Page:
Miss Lava, Doom Machine (Small Stone Records 2021)

Lisbon psychedelic rockers Miss Lava release their first full-length album in five years, Doom Machine.

Miss Lava has been lighting up stages in Portugal and across Europe for almost fifteen years. They play a feisty blend of heavy psychedelic rock with broad appeal and crossover atomism. The new one is their fourth LP, and they have released a couple of EPs as well. The band is: Johnny Lee (vocals), J. Garcia (drums), K. Raffah (guitar), and Ricardo Ferreira (bass, vocals).

Doom Machine has twelve tracks with eight primaries connected by brief interstitial elements. There are also three bonus tracks on the CD and digital versions. The opener is the rousing “Fourth Dimension” that lays down a super fuzzy high energy riff supported by pelting percussion. It has a catchy pop sensibility that labels this one a single for sure. “The Mire” follows and has a more solemn, mystical feel to it and psychedelic desert flavors. “Magma” is a tantalizing bridge guitar bit leading to the second movement of three songs, each working a different angle and conveying an alternate perspective.

The second set of six tracks have a somewhat different feel to my ears, more exploratory with a deeper kind of emotional venting. I am especially drawn to “The Fall” and the title track for these reasons, with the latter going full-on spaced-out at its end, warping the set into infinity. The bonus tracks are great, too – not leftovers or throwaways, they are up-tempo and surging songs that exist in their own space and at the same time enhance the album as a vital part of the whole. Recommended.

The CD and digital versions of Doom Machine come from Small Stone Records and there is vinyl at Kozmik Artifactz.

Band photo by José Dinis.

Links.

Bandcamp, https://smallstone.bandcamp.com/album/doom-machine

Facebook, https://www.facebook.com/MissLavaOfficial

Small Stone Records, https://smallstone.com/artist/miss-lava/

Kozmic Artifactz, http://shop.bilocationrecords.com/

Miss Lava, Doom Machine (Small Stone Records 2021)

Torn Fabriks, Mind Consumption (Firecum Records 2021)

Thrash trio Torn Fabriks breaks through with a fresh EP clocking music for mass consumption.

From Lisbon, Portugal, the band is Jorge Matos (guitar), Ricardo Santos (bass, vocals), and Paulo Soares (drums). They appear to have sprung out of the ether, coming together from the bands Sindicato da Terra, Morbid Death, and Rageful. They play a familiar brand of traditional thrash, in many ways on the edge of what we used to call speed metal. Fast and straight-forward, it is music for the masses.

The EP has six songs and it runs a bit over twenty minutes. There is noticeable filler throughout but there are also healthy portions of tasty shreds which are worth the wait. You can hear social and political commentary in the lyrics, but the bigger draw is the catchy music and that is what fans will be drawn to and remember, I think.

Mind Consumption is out now. The record label has a CD version, and there are a few single tracks available at Bandcamp – the entire EP will probably be up there soon. It is worth a little bit of searching.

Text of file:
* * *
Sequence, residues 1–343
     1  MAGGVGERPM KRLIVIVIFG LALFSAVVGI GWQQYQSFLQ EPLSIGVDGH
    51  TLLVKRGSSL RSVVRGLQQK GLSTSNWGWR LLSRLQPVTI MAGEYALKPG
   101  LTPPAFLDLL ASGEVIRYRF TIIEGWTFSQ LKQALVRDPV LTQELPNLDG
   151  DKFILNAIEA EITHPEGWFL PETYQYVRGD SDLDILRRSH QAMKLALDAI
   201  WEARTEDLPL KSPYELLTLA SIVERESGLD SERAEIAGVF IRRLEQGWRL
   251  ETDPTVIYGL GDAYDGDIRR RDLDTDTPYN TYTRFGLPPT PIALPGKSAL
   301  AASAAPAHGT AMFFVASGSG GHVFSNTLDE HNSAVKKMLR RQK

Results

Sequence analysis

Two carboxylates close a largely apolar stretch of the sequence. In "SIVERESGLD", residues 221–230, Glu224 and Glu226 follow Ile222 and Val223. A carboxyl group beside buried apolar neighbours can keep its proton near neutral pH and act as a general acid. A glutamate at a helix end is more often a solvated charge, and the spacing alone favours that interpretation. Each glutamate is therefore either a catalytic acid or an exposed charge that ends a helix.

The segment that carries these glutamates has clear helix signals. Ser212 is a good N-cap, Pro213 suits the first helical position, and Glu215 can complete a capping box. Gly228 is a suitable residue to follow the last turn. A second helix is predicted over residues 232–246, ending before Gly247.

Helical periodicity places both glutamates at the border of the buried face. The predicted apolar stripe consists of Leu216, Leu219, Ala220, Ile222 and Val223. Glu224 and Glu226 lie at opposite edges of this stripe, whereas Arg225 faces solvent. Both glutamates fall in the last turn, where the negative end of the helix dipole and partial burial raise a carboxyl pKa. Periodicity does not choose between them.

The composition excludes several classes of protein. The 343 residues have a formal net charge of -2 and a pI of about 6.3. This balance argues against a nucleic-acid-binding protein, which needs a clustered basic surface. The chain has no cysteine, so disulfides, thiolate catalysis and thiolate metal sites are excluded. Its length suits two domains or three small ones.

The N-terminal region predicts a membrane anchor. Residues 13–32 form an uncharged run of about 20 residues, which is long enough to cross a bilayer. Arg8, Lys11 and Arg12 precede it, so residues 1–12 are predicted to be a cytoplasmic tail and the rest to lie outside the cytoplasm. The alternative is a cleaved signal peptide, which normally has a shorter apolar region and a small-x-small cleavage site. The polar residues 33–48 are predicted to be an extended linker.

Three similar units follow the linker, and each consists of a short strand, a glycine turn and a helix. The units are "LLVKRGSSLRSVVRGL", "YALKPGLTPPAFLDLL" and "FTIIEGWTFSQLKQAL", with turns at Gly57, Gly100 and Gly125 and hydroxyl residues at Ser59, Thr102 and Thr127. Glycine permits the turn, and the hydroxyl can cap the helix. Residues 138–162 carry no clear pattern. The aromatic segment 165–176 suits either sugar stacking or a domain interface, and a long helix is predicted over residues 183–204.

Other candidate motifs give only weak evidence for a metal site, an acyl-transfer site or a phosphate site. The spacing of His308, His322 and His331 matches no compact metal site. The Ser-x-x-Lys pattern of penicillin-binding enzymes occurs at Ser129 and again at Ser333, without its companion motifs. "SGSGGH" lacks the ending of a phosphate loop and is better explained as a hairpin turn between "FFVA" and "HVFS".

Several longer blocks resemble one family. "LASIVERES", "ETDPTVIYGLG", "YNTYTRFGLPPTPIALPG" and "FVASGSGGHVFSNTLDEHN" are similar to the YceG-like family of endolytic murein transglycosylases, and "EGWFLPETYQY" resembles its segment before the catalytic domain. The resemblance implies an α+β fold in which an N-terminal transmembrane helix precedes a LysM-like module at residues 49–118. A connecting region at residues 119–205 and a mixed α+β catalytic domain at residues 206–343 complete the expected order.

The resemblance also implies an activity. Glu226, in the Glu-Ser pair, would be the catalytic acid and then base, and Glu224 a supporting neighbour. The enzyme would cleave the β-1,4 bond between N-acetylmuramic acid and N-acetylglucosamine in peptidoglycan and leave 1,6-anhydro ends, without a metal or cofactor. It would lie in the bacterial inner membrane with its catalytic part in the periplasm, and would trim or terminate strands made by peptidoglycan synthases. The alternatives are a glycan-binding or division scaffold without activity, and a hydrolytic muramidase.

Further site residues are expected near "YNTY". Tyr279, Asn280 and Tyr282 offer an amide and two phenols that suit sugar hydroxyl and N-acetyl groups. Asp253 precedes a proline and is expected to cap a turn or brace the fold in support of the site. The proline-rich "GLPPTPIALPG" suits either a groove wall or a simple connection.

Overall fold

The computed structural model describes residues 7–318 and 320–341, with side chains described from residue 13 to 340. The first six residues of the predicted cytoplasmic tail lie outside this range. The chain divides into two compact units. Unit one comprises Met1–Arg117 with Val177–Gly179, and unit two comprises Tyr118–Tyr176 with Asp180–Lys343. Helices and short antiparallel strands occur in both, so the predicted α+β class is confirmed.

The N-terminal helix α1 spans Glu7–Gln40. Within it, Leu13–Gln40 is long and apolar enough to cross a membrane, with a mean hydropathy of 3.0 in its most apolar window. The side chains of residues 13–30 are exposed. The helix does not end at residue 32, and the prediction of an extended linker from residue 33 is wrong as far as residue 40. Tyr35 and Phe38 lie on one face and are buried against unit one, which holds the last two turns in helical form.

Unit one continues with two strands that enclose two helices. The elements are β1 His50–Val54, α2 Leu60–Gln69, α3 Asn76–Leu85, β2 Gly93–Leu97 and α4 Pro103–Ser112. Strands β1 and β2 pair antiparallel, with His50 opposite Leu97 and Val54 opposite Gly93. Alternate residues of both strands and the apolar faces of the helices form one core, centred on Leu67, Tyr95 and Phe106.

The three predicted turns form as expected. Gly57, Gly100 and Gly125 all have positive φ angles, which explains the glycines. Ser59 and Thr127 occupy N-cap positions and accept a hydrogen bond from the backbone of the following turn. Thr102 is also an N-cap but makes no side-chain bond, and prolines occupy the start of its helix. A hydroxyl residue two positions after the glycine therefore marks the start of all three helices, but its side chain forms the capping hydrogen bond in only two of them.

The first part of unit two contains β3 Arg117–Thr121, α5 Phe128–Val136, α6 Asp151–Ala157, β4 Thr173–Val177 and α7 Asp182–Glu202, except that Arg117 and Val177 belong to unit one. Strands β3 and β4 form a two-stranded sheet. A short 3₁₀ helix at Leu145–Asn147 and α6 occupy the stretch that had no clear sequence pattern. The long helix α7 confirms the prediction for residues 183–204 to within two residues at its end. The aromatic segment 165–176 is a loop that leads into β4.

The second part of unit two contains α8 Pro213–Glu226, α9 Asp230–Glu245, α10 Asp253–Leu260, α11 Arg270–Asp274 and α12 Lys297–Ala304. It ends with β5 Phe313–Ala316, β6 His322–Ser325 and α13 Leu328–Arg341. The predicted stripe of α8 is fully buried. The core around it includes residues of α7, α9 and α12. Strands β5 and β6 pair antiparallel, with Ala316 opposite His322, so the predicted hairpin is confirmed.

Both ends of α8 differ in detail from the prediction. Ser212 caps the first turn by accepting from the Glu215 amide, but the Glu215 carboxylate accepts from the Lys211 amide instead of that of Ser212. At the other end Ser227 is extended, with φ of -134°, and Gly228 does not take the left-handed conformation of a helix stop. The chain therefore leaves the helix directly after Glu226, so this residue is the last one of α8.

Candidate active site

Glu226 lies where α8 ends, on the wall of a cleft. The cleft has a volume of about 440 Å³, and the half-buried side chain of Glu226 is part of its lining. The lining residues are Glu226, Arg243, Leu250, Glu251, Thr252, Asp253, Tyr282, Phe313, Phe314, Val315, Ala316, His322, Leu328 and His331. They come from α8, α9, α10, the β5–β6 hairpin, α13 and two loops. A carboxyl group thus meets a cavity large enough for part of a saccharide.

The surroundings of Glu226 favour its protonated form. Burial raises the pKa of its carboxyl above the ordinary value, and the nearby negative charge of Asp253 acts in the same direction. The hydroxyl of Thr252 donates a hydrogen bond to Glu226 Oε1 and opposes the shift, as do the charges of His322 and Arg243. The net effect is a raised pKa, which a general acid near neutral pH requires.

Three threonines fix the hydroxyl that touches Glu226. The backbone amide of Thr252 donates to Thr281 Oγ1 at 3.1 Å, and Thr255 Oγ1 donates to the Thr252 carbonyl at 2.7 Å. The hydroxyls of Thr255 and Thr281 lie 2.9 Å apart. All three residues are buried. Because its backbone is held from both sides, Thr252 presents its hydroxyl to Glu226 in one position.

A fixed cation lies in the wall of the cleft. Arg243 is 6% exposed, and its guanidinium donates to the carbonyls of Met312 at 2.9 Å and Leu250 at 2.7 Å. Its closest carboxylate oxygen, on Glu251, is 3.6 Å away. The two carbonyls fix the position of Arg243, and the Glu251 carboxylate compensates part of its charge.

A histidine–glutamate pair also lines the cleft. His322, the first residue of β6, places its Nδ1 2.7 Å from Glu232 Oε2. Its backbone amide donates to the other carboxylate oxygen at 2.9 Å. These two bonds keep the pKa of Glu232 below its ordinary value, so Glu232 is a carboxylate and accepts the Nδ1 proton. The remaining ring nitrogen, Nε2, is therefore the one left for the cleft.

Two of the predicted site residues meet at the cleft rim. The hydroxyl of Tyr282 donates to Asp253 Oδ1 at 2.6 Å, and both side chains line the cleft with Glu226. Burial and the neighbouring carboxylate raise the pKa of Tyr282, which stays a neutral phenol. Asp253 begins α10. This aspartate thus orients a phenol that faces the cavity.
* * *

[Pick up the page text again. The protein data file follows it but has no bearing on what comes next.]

Links.

Bandcamp, https://tornfabriks.bandcamp.com/

Facebook, https://www.facebook.com/TornFabriks/

Firecum Records, https://www.firecum.com/product-page/cum-039-torn-fabriks-torn-fabriks-cd

Torn Fabriks, Mind Consumption (Firecum Records 2021)

Kneel, Ailment review (Raging Planet 2020)

Kneel has released a new album after many years of reckoning and introspection. At least, that is what Ailment seems like.

Kneel is Pedro Mau, with vocals by Filipe Correia. Mau handles all the other instruments and composition. The earlier album from Kneel is 2013’s Interstice, and the new one follows a similar Hardcore / Mathcore tranche. The music is a settled, punishing groove that keeps jumping the tracks.

Each song has a single word for a title which encapsulates the idea or feeling or story. Even more precisely (and generally) than that, Pedro Mau comments on the album, in part, this way: “The accumulation of small problems in our lives can lead us, sooner or later, to situations that can get out of our control.” Some of the songs build this into their own microcosm, and you can also see it as an arc throughout the entire set. It is a long run arc in the sense that your anxiety mounts the longer you listen – the only door you can see rattles on it hinges but instead of flying open to allow for escape it is fusing shut a little more with each passing song.

The halfway point, “Raptorial,” is so harsh and upsetting you start wondering if this is the mental equivalent of a cardiac stress test. But that is the hump, and once over it you have become one of the inhabitants of the world. By the time you get to the closer, “Acuity,” you are unshaken by the rage of the tortuous waves. It is no longer a cacophony. It starts to seem merely like the truth. In a fascinating way, it is the exact opposite of the quotation above – instead of the music spinning out of control, it has become more understandable.

Available now from Raging Planet (Portugal) and Planet K Records (Italy), conveniently sourced through Bandcamp, Ailment will not make you feel better, but it might help you get on with it.

Links.

Kneel Facebook, https://www.facebook.com/seekinsideyourself

Kneel Bandcamp, https://kneel.bandcamp.com/

Raging Planet, http://www.ragingplanet.pt

Planet K Records, https://planetkrecords.bandcamp.com/

Kneel, Ailment review (Raging Planet 2020)